Journal of Network and Systems Management

, Volume 26, Issue 1, pp 222–249 | Cite as

Seamless Configuration of Virtual Network Functions in Data Center Provider Networks

  • Serena SpinosoEmail author
  • Marco Leogrande
  • Fulvio Risso
  • Sushil Singh
  • Riccardo Sisto


Network function virtualization has enabled data center providers to offer new service provisioning models. Through the use of data center management software (cloud managers), providers allow their tenants to customize their virtual network infrastructure, enabling them to create a network topology that includes network functions (e.g., routers, firewalls), either chosen among the natively supported catalog or provided by third-parties. In order to deploy a ready-to-go service, providers have also to take care of pushing functional configurations into each network function (e.g., IP addresses for routers and policy rules in firewalls). This paper proposes an architecture that extends current cloud management software to enable the configuration of network functions. We propose a model-based approach that exploits the use of additional software components, i.e. translators and gateways, which are network function-agnostic, i.e. they are vendor-neutral and not specific for a particular type of network function, and do not require any change in the network functions. A prototype of this solution has been also implemented and tested, in order to validate our approach and evaluate its effectiveness in the configuration phase.


Network function configuration Network function virtualization VNF description 


  1. 1.
    Mijumbi, R., Serrat, J., Gorricho, J.-L., Bouten, N., Turck, F.D., Boutaba, R.: Network function virtualization: state-of-the-art and research challenges. IEEE Commun. Surv. Tutor. 18(1), 236–262 (2016)CrossRefGoogle Scholar
  2. 2.
    Shen, W., Yoshida, M., Minato, K., Imajuku, W.: vConductor: an enabler for achieving virtual network integration as a service. IEEE Commun. Mag. 53(2), 116–124 (2015)CrossRefGoogle Scholar
  3. 3.
    Haleplidis, E., Hadi Salim, J., Denazis, S., Koufopavlou, O.: Towards a network abstraction model for SDN. J. Netw. Syst. Manage. 23(2), 309–327 (2015)CrossRefGoogle Scholar
  4. 4.
    Spinoso, S., Leogrande, M., Risso, F., Singh, S., Sisto, R.: Automatic configuration of opaque network functions in CMS. In: Proceedings of the IEEE/ACM 7th International Conference on Utility and Cloud Computing (UCC ’14), pp. 750–755 (2014)Google Scholar
  5. 5.
    Spinoso, S., Virgilio, M., John, W., Manzalini, A., Marchetto, G., Sisto, R.: Formal verification of virtual network function graphs in an sp-devops context. In: Proceedings of the 4th European Conference on Service Oriented and Cloud Computing (ESOCC 2015). Springer International Publishing, pp. 253–262 (2015)Google Scholar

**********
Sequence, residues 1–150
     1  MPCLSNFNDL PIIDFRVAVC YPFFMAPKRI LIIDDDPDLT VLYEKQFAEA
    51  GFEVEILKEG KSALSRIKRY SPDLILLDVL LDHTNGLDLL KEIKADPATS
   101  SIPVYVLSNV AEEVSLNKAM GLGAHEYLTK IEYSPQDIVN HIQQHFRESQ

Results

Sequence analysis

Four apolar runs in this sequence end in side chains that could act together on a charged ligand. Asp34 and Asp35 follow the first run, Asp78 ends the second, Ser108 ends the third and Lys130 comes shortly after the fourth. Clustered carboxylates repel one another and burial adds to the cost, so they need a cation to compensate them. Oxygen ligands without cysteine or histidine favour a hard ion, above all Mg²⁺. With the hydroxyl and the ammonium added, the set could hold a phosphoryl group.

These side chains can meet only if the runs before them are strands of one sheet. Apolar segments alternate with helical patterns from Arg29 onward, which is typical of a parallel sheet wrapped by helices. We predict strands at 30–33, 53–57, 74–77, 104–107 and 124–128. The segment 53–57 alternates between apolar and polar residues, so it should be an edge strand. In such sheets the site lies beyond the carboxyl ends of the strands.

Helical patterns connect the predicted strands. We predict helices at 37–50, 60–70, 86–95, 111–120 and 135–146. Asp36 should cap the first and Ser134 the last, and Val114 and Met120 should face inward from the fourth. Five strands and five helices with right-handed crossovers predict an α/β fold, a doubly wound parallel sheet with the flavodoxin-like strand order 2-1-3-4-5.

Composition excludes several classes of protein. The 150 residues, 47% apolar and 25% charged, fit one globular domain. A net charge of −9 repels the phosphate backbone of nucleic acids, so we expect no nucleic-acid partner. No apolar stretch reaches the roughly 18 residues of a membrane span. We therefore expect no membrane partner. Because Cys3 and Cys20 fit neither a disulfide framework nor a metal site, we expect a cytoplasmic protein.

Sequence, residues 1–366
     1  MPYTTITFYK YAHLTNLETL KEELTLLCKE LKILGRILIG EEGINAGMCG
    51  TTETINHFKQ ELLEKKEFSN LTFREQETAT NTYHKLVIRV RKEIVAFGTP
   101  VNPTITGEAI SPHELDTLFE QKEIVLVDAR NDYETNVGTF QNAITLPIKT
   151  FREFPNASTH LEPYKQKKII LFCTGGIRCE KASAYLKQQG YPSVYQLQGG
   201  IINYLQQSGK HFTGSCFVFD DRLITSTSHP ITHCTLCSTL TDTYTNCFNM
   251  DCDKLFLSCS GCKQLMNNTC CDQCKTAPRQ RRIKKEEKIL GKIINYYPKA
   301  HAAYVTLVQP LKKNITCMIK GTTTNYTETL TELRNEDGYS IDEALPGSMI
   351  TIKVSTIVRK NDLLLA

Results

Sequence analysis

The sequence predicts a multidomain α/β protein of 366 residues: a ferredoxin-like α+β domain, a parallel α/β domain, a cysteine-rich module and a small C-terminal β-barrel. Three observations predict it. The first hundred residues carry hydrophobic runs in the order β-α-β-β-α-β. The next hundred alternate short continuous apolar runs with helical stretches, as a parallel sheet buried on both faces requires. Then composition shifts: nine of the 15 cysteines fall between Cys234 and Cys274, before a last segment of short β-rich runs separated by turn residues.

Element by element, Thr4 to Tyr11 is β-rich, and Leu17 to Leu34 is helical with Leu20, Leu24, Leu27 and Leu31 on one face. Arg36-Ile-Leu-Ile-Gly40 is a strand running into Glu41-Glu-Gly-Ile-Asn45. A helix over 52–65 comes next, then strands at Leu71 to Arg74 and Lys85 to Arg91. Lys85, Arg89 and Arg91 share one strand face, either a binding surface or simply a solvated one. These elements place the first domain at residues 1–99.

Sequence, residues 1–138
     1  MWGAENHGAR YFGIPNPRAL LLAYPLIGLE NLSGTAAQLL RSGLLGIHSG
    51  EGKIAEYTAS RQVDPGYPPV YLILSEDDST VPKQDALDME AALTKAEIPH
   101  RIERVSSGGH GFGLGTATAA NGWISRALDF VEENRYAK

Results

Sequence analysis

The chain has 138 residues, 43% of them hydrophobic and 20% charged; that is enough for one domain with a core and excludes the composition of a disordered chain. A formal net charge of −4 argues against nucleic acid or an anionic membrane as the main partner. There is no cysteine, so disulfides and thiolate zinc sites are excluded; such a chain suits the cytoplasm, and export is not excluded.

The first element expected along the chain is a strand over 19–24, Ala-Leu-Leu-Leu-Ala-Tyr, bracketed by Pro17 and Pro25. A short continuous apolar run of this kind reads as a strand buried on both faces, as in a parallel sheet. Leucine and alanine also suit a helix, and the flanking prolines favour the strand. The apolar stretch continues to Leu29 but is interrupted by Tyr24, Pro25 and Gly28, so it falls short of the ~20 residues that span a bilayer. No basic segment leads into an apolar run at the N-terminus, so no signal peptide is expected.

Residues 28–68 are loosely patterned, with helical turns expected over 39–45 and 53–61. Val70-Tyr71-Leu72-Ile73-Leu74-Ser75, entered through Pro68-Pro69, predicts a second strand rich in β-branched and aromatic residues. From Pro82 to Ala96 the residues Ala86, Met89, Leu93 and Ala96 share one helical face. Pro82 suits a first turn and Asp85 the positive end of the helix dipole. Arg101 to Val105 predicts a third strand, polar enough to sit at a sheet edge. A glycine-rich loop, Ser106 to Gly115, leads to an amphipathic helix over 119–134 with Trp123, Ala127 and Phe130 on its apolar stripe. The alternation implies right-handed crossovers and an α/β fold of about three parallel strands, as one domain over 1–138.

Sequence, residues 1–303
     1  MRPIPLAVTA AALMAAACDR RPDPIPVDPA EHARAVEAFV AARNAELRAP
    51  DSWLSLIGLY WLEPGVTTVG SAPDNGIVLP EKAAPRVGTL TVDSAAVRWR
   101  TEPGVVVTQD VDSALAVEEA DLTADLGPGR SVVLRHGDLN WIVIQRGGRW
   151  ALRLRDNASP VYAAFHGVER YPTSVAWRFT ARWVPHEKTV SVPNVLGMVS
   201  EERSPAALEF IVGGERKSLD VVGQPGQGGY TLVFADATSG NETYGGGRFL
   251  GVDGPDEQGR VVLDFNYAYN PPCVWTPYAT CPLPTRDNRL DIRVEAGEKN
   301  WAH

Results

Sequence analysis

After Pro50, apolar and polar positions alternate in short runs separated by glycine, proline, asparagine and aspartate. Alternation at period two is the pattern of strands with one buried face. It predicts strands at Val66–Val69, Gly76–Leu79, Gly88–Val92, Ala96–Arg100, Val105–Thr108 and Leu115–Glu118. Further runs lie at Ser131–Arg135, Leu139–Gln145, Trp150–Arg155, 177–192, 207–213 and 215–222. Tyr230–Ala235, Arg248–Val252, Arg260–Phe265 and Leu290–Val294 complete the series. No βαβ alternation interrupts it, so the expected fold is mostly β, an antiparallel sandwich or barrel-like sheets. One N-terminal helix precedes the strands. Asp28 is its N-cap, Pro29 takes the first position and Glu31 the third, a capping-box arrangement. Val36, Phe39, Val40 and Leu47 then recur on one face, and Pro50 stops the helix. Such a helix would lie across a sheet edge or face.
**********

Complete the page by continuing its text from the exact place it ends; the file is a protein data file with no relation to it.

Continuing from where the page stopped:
6. 6.
    Panda, A., Lahav, O., Argyraki, K.J., Sagiv, M., Shenker, S.: Verifying isolation properties in the presence of middleboxes, CoRR, vol. abs/1409.7687, (2014). [Online]. Available: arXiv:1409.7687
  7. 7.
    Basile, C., Canavese, D., Pitscheider, C., Lioy, A., Valenza, F.: Assessing network authorization policies via reachability analysis. Comput. Electr. Eng. (2017) (in press). [Online]. Available:
  8. 8.
    Basile, C., Lioy, A., Pitscheider, C., Valenza, F., Vallini, M.: A novel approach for integrating security policy enforcement with dynamic network virtualization. In: Proceedings of the 1st IEEE Conference on Network Softwarization (NetSoft 2015), pp. 1–5 (2015)Google Scholar
  9. 9.
    Case, J.D., Fedor, M., Schoffstall, M.L., Davin, J.: A simple network management protocol (SNMP). Internet Requests for Comments, RFC Editor, RFC 6241, (1990),
  10. 10.
    Enns, R., Bjorklund, M., Schöenwäelder, J., Bierman, A.E.: Network Configuration Protocol (NETCONF). Internet Requests for Comments, RFC Editor, RFC 6241, (2011),
  11. 11.
    Xu, H., Xiao, D.: Data modeling for netconf-based network management: Xml schema or yang. In: Proceedings of the 11th IEEE International Conference on Communication Technology (ICCT 2008), pp. 561–564 (2008)Google Scholar
  12. 12.
    Yang, L., Dantu, R., Anderson, T., Gopal, R.: Forwarding and Control Element Separation (ForCES) Framework. Internet Requests for Comments, RFC Editor, RFC 3746, (apr 2014),
  13. 13.
    Haleplidis, E., Denazis, S., Koufopavlou, O., Lopez, D., Joachimpillai, D., Martin, J., Salim, J.H., Pentikousis, K.: ForCES applicability to SDN-enhanced NFV. In: Proceedings of the 3rd European Workshop on Software Defined Networks (EWSDN 2014), pp. 43–48 (2014)Google Scholar
  14. 14.
    Császár, A., John, W., Kind, M., Meirosu, C., Pongrácz, G., Staessens, D., Takács, A., Westphal, F.-J.: Unifying cloud and carrier network: EU FP7 Project UNIFY. In: Proceedings of the 6th IEEE/ACM International Conference on Utility and Cloud Computing (UCC ’13), pp. 452–457 (2013)Google Scholar
  15. 15.
    Csoma, A., Sonkoly, B., Csikor, L., Németh, F., Gulyas, A., Tavernier, W., Sahhaf, S.: Escape: Extensible service chain prototyping environment using mininet, click, netconf and pox. ACM SIGCOMM Comput. Commun. Rev. 44(4), 125–126 (2014)CrossRefGoogle Scholar
  16. 16.
    Bjorklund, M.: YANG—A data modeling language for the Network Configuration Protocol (NETCONF). Internet Requests for Comments, RFC Editor, RFC 6020, (2010),
  17. 17.
    Schoenwaelder, J.: Common YANG Data Type. Internet Requests for Comments, RFC Editor, RFC 6991, (2013),

Copyright information

© Springer Science+Business Media, LLC 2017

Authors and Affiliations

  • Serena Spinoso
    • 1
    Email author
  • Marco Leogrande
    • 2
  • Fulvio Risso
    • 1
  • Sushil Singh
    • 2
  • Riccardo Sisto
    • 1
  1. 1.Department of Control and Computer EngineeringPolitecnico di TorinoTorinoItaly
  2. 2.VMwarePalo AltoUSA

Personalised recommendations